5 July 2020
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If our dollar falls we'll be off to the races 'rekindling' a great Aussie economy

Peter Switzer
8 November 2017

By Peter Switzer

If our dollar can fall to say 70 US cents, then the Reserve Bank would definitely be right about how strong our economy will be in 2018 and this ‘little’ currency slip would trigger a lot of good stuff!

If you like, you could see it like this: a dollar depreciation will mean a rekindling of a stronger economy and we’ll be off to the races.

And, unlike the Melbourne Cup, a whole lot of us will pick up a nice dividend. To be more precise, businesses will see more profits, the jobless will find work, wage earners will get better pay rises and even the government’s Budget deficit will fall.

If only the races could be so rewarding!

Last night I had a panel of two relatively negative economists compared to the Reserve Bank. One was Capital Economics’ Paul Dales and the other was BIS Oxford Economics’ Sarah Hunter.

Both of them have economic growth forecasts under 3%, while the RBA, Treasury and increasingly more economists are becoming 3% plus predictors. I like this trend of relative pessimists becoming relative optimists as I want the Aussie economy to go to the ‘races’, despite the fact it would mean interest rates could rise on Cup Day next year and that might not even be the first rise for 2018.

In case you missed it, CommSec’s Craig James looked at what has happened to the economy since the last RBA meeting a month ago. It makes good reading and here it is:

  • Consumer prices rose by 0.6% in the September quarter and annual inflation fell from 1.9% to 1.8%
  • Underlying inflation is holding around 1.85%.
  • Employment rose by 19,800 in September; the jobless rate fell to a 4½-year low of 5.5%.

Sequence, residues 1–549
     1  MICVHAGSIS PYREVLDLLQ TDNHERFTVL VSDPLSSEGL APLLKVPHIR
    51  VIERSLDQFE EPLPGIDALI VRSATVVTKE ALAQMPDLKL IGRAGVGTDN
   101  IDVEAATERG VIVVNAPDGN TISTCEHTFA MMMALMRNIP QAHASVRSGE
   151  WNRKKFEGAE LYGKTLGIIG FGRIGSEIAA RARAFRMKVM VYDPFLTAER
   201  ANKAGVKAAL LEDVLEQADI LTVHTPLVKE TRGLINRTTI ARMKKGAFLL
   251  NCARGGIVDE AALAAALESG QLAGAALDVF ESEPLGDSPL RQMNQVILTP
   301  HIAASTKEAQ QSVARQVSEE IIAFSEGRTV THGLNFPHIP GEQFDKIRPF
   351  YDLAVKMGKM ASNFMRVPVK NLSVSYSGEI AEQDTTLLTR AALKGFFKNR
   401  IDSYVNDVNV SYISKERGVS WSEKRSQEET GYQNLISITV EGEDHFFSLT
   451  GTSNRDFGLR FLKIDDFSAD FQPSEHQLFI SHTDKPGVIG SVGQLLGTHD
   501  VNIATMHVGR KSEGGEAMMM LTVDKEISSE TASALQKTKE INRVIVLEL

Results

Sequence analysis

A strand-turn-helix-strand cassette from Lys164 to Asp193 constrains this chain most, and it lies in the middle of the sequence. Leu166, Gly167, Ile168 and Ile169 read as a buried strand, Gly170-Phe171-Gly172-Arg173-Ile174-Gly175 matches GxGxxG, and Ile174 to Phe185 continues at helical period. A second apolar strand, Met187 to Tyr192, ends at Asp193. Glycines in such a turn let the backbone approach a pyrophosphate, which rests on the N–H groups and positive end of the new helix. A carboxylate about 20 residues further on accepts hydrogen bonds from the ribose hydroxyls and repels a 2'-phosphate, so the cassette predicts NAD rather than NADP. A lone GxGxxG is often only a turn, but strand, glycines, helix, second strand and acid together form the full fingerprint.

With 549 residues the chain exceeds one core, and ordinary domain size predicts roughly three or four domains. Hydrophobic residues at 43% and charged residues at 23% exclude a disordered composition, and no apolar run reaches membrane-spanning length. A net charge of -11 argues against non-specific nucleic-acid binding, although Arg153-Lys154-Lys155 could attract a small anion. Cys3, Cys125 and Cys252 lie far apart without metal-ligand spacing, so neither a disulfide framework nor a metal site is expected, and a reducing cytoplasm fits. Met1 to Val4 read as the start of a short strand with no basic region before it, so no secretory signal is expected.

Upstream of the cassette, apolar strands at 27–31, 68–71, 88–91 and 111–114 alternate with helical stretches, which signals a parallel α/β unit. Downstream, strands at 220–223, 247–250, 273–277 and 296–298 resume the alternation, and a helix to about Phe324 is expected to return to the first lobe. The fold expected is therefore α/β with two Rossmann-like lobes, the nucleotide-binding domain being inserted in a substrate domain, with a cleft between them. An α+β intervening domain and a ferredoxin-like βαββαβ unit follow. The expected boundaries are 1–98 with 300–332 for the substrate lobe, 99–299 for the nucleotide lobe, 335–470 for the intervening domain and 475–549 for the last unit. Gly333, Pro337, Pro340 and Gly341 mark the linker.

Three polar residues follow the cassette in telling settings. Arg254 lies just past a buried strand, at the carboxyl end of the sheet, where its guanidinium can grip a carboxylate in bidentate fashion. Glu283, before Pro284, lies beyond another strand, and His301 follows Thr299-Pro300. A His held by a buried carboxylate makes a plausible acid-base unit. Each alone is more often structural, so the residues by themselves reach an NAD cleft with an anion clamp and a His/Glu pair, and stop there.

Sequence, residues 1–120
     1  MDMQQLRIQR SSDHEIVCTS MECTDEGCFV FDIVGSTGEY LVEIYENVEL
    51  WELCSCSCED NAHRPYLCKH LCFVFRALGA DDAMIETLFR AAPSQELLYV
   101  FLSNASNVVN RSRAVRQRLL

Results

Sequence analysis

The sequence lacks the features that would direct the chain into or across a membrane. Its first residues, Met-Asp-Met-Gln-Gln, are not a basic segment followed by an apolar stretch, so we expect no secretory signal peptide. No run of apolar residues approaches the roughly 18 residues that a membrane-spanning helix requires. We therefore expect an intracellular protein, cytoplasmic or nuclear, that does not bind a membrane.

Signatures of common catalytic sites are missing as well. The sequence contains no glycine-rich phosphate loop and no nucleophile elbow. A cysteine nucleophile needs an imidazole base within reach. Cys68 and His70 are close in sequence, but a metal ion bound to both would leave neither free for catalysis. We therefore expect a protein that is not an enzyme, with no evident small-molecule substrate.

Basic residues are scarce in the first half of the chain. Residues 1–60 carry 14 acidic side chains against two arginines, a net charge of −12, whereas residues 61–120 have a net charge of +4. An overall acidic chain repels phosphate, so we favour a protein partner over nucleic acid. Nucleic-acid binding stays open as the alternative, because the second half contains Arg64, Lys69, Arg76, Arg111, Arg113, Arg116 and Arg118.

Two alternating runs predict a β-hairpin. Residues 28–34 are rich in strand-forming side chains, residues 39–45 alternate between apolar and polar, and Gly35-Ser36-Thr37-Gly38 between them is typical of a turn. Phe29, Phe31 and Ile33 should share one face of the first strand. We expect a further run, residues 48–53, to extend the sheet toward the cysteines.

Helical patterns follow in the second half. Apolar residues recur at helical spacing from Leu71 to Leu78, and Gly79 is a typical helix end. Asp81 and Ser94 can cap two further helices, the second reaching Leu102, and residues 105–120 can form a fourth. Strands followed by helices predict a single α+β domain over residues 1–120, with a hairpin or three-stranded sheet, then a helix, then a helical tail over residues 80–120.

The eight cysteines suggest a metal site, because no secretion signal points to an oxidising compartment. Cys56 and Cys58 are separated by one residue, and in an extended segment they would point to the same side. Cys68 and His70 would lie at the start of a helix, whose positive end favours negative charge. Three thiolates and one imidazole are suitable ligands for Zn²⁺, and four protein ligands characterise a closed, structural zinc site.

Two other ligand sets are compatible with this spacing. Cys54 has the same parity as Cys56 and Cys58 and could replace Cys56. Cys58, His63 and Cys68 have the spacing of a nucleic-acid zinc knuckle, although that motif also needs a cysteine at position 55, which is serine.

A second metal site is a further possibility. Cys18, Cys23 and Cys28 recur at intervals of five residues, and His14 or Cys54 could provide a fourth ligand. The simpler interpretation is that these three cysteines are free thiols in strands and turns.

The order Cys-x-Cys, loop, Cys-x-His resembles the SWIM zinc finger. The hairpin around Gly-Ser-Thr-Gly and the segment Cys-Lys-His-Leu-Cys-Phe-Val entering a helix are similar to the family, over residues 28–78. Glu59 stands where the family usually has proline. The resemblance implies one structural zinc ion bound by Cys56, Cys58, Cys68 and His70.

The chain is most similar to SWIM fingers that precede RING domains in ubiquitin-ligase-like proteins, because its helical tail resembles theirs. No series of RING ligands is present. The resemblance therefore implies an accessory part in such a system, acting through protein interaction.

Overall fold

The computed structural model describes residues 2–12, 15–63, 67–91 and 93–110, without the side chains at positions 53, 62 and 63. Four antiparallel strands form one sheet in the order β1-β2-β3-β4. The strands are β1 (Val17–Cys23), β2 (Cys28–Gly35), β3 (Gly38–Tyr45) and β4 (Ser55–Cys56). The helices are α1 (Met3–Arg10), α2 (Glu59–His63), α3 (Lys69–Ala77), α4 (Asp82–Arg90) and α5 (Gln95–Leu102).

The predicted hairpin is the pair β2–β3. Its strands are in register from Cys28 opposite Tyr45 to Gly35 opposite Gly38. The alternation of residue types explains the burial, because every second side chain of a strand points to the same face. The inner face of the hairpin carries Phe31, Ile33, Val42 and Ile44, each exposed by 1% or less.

• Home price growth slowed; national home prices were flat in October.
  • The Aussie dollar eased from US78 cents to US76.5 cents.
  • Business conditions remained near 9½-year highs.
  • New vehicle sales in October were the highest for any October month.
  • The trade surplus was at a record high of $19 billion for the year to September.
  • US unemployment fell to a 16-year low of 4.1% but average earnings were flat in October.
  • The Chinese economy grew at a 6.8% in the year to September.
  • Consumer confidence is holding near long-term averages.
  • Retail trade was flat in September; retail prices fell 0.4% in the September quarter.
  • Commercial building approvals were at record highs in the year to September.
  • Global oil prices rose to 2-year highs.

I could add other pluses, such as building approvals in trend terms, up for the eighth straight month and business profitability at a 9½-year high! I could go on but I think I’ve laid it on thick enough.

The general tenor of these developments would make the RBA happy with its call and it looks like the stock market is starting to become a true believer, with the S&P/ASX 200 Index cracking the 6000 level for the first time since the GFC way back in early 2008!

Over the next three months we’ll get a whole pile of economic revelations from data such as the September quarter economic growth reading to developments such as Donald Trump’s possible tax changes. And a stock market historically tries to guess the future six months ahead, so the past few weeks, which have seen stocks go from 5651 to 6011 — a 6.3% rise in since October 4 — is pretty good omen.

I’m a great believer in the old saying that where there’s smoke there’s fire and the Oz economy is getting hot, hot, hot. But like a frog in a gradually heated pot, some economists are feeling it getting warmer!

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